Reflections on TEDMED 2017 “Limitless”

I’m sitting in the San Diego airport awaiting my journey to get home to my son in Texas. It’s tough to describe the experience of TEDMED, especially after my first one. There is literally just too much to digest. However, I have downloaded all the season 2 of “Stranger Things” to watch in airport and planes and I’m not letting myself watch it until I have written down a few take-homes. So I’m seriously motivated to do this.

Initially I was torn by the theme of “Limitless”. Why? Probably because I am a Geriatrician and a Hospice Physician. Much of my doctoring career is spent witnessing the natural limits of our human bodies. Moreover, I spend a heck of a lot of time helping families and loved ones understand that indeed our physical selves have limits and there are not a “limitless” number of options for treatment to extend both quality and quantity of physical life. Segway: If you haven’t read it yet, please do read Dr. Atul Gawande’s “Being Mortal”. So of course going into TEDMED I was a tad skeptical, perhaps cynical.  Fortunately, I was pleasantly surprised. Oh and the beauty and nature of Palm Springs CA certainly didn’t hurt.

Not only did I meet amazing people, of many walks of the healthcare spectrum, the variety of the TEDMED talks did have an accurate theme of Limitless. But it wasn’t about the limitless of the human body. Of course, a number of brilliant scientists did speak about the almost miraculous problems they are solving with gene therapy, engineering, immune modulation, novel research with potentially massive impacts to lessen some of the limits of the human body. But more impressive to me than their science was the limitless nature of their persistence and drive to move onward and upward, even in the face of political, financial and cultural hurdles.

What inspired me the most were the non-scientists who spoke. From first responders like Dr. Soka Moses in the Ebola outbreak in Liberia and Dr Farida a female ObGyne who stayed in Aleppo under siege to artists such as Zoe Keating (cellist and patient advocate) and Sophie Andrews who developed the Silver Line in the UK, I heard the undercurrent of the limitlessness of the human spirit. I realized the appropriateness of the title “Limitless” when I heard the stories of those with truly limitless courage, limitless love, limitless hope, limitless patience, limitless perseverance under the most harrowing odds. Many of the non-scientists were artists, or just humanitarians who had overcome major personal tragedies and assaults on their own dignity and rather than just surviving, found ways to turn their pain and suffering (or really rotten lemons) into the sweetest lemonade that they in turn shared with everyone they encountered to foster thriving. Interestingly, those who were the greatest success stories often relied on the limitless of another human’s faith in them to overcome.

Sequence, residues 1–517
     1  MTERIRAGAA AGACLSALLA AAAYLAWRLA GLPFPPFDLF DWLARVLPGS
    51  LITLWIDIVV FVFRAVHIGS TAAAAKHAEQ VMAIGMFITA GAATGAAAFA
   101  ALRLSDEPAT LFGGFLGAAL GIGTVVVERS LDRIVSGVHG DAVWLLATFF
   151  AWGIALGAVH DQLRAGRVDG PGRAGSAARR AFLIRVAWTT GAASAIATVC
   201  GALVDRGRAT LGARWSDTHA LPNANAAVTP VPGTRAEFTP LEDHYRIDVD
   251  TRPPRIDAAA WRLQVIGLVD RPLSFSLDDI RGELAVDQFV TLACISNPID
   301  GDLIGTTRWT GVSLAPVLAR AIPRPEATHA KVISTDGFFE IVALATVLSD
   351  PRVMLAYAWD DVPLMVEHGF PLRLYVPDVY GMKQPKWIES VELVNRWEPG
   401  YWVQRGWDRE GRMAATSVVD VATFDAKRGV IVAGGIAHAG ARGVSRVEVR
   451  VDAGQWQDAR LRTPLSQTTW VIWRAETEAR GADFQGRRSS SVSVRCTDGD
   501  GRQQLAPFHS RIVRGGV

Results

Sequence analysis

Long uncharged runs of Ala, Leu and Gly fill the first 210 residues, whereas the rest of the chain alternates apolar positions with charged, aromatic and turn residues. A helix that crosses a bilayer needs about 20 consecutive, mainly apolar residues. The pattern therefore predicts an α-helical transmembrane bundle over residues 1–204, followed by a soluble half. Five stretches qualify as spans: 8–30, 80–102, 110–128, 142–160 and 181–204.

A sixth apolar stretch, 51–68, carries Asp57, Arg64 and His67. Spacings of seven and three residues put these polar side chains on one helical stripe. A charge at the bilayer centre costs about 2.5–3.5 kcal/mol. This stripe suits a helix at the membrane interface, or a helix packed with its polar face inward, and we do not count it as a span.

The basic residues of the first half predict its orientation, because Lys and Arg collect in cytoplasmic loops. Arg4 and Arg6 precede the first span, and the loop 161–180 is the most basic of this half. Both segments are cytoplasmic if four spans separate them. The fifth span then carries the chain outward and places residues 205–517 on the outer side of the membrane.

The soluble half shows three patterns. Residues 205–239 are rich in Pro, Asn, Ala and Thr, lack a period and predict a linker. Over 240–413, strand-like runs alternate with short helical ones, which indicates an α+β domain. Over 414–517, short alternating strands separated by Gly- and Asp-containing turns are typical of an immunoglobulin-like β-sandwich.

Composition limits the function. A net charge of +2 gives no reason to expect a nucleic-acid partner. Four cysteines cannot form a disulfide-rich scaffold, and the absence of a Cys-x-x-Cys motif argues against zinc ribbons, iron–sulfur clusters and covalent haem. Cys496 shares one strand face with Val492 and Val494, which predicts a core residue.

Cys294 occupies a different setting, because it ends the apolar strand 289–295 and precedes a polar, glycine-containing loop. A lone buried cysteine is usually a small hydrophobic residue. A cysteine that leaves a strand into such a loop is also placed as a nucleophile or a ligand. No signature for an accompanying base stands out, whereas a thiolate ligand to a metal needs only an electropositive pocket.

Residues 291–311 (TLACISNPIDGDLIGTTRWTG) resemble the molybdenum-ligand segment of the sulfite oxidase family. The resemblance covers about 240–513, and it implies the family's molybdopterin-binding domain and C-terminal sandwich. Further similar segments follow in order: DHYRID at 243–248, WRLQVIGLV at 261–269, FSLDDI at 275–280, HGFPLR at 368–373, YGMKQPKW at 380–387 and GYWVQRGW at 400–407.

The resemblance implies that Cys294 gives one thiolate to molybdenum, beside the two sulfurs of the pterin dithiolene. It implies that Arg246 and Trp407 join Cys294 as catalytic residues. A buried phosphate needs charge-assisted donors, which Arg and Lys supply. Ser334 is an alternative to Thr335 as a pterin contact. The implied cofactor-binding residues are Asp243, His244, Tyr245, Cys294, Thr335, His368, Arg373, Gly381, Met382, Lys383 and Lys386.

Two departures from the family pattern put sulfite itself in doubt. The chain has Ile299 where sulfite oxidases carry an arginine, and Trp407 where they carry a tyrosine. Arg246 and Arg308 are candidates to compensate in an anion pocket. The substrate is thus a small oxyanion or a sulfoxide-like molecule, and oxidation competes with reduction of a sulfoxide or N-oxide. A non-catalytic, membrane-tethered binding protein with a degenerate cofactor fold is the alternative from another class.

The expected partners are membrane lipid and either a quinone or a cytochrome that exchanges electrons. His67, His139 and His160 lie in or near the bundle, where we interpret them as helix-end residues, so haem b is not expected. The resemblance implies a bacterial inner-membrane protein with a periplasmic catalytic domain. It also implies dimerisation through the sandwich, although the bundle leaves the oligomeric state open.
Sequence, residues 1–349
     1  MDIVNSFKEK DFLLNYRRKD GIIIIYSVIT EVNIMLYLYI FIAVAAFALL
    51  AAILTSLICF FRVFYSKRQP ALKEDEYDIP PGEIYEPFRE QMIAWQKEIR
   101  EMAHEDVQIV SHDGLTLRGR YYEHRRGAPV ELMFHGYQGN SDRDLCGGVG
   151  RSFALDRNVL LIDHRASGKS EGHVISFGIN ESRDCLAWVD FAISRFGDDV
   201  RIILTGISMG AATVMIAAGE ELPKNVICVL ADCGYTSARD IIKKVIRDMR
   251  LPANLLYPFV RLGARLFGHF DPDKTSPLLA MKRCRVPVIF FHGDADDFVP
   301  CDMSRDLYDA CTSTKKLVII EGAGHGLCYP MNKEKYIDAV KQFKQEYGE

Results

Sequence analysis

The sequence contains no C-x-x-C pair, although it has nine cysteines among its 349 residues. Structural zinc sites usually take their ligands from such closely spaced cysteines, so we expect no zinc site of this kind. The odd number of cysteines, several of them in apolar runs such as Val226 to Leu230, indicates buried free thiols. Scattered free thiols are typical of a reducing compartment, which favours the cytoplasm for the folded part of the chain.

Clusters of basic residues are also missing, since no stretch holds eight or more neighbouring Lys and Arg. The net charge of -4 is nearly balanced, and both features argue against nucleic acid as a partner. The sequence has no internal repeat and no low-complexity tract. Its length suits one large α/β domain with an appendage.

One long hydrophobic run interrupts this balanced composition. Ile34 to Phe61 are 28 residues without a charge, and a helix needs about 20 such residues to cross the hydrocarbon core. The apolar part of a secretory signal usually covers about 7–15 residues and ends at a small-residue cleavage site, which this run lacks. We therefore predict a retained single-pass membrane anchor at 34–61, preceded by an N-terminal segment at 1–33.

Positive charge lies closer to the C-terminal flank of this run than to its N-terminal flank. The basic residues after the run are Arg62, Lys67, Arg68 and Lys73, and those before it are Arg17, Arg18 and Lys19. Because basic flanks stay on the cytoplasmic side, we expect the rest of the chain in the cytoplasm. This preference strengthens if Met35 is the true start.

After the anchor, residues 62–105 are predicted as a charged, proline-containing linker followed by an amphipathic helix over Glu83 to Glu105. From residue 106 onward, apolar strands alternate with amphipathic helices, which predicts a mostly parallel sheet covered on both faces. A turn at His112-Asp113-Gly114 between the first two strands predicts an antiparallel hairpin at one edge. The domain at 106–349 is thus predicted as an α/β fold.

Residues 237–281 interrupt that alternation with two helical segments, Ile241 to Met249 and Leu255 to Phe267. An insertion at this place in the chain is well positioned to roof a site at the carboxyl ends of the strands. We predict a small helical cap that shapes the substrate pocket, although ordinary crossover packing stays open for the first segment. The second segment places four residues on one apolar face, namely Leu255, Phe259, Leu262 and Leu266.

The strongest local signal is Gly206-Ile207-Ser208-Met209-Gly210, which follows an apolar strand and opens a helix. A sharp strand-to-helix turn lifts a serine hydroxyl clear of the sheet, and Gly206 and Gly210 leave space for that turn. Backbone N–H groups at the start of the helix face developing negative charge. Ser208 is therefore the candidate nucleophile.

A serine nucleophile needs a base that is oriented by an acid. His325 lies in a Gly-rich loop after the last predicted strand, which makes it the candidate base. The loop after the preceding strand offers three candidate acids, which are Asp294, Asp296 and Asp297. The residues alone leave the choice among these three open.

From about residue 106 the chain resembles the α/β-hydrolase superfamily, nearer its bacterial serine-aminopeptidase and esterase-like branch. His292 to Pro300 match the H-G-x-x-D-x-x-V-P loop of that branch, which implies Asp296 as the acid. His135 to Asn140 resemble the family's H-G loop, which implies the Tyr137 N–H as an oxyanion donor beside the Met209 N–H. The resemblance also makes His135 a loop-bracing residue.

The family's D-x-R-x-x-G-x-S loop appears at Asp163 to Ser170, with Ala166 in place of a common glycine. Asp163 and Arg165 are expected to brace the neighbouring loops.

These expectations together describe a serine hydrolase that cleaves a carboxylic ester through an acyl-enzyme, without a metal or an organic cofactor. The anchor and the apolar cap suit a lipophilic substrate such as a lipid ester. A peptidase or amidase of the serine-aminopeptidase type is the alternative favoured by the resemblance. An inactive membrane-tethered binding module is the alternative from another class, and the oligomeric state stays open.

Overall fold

This is getting a tad disjointed because to my relief my husband just FaceTimed me from a London airport on his way to Nigeria. But it just might relate. If anyone reads my blog consistently (which somewhat to my pleasant surprise but also horror I discovered I have at least one subscriber who was at TEDMED) they know our lives have been anything but perfect. We have had a trying summer of personal loss of family and marriage difficulties. Thankfully, and I suspect largely due to what we now know is a limitless amount of love, care and support we have from friends near and far, we are working on things and supporting each other. We are learning to love again.

Here’s where my personal experience of limitless and the TEDMED experience of limitless coincide. The pattern I saw emerge was that alone it is very difficult for the human spirit to tap in to its limitless potential. We are not meant to walk in this life alone. However, when we put aside our insecurities, our preconceived notions of one another, and our fears and allow ourselves to find community with our fellow humans, we realize the true potential of the limitlessness of the human spirit. When we don’t feel alone, we are able to give of ourselves in extraordinary ways. In my marriage, for a long time my husband and I both felt alone and isolated. Our community who believed in us as individuals but also as a couple brought us up. For many of the TEDMED speakers, when one would think they should have never overcome their physical and emotional odds, if there was just one other human who cared enough to show they had faith in them, they were able to tap into their limitless courage, or hope, or caring, or empathy, or creative abilities and rise like a phoenix of human spirit despite adversity.

Despite my initial skepticism, I am walking away from TEDMED Limitless with renewed hope. I will always be a tad cynical, but more importantly I know my spirit has a limitless potential to love, care, help and change my world, even if it’s just my small world of a few patients and my nuclear family. I’m listening to my playlist as I write this in a crowded space. It’s very diverse between pop, hip hop, alternative, cello, country, you name it. But the song that just came on as I am wrapping this up seems like it’s meant to be. It’s Pink’s new Beautiful Trauma Album. She ballads, “I fight because I have to, I fight for us to know the truth. There’s not enough rope to tie me down, there’s not enough tape to shut this mouth. The stones you throw can make me bleed, but I won’t stop until we’re free. Wild hearts can’t be broken.” I rediscovered in TEDMED 2017 that the human spirit is indeed limitless. And a limitless spirit can not be broken. I am so grateful for my experience and those who shared theirs with me.

Now on to binge watching “Stranger Things”.


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